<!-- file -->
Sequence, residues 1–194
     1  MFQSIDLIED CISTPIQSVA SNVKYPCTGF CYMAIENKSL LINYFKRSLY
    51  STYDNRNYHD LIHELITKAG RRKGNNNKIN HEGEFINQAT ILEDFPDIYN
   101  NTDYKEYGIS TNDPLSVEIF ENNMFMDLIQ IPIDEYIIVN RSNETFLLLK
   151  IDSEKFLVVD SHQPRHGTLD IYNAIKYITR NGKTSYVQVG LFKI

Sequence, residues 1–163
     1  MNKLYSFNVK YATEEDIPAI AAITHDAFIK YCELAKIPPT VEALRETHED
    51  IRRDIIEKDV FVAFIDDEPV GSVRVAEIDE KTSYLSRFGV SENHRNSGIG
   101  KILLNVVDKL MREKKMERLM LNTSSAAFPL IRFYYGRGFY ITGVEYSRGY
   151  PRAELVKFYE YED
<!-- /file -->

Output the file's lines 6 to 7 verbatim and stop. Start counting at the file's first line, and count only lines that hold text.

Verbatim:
Sequence, residues 1–163
     1  MNKLYSFNVK YATEEDIPAI AAITHDAFIK YCELAKIPPT VEALRETHED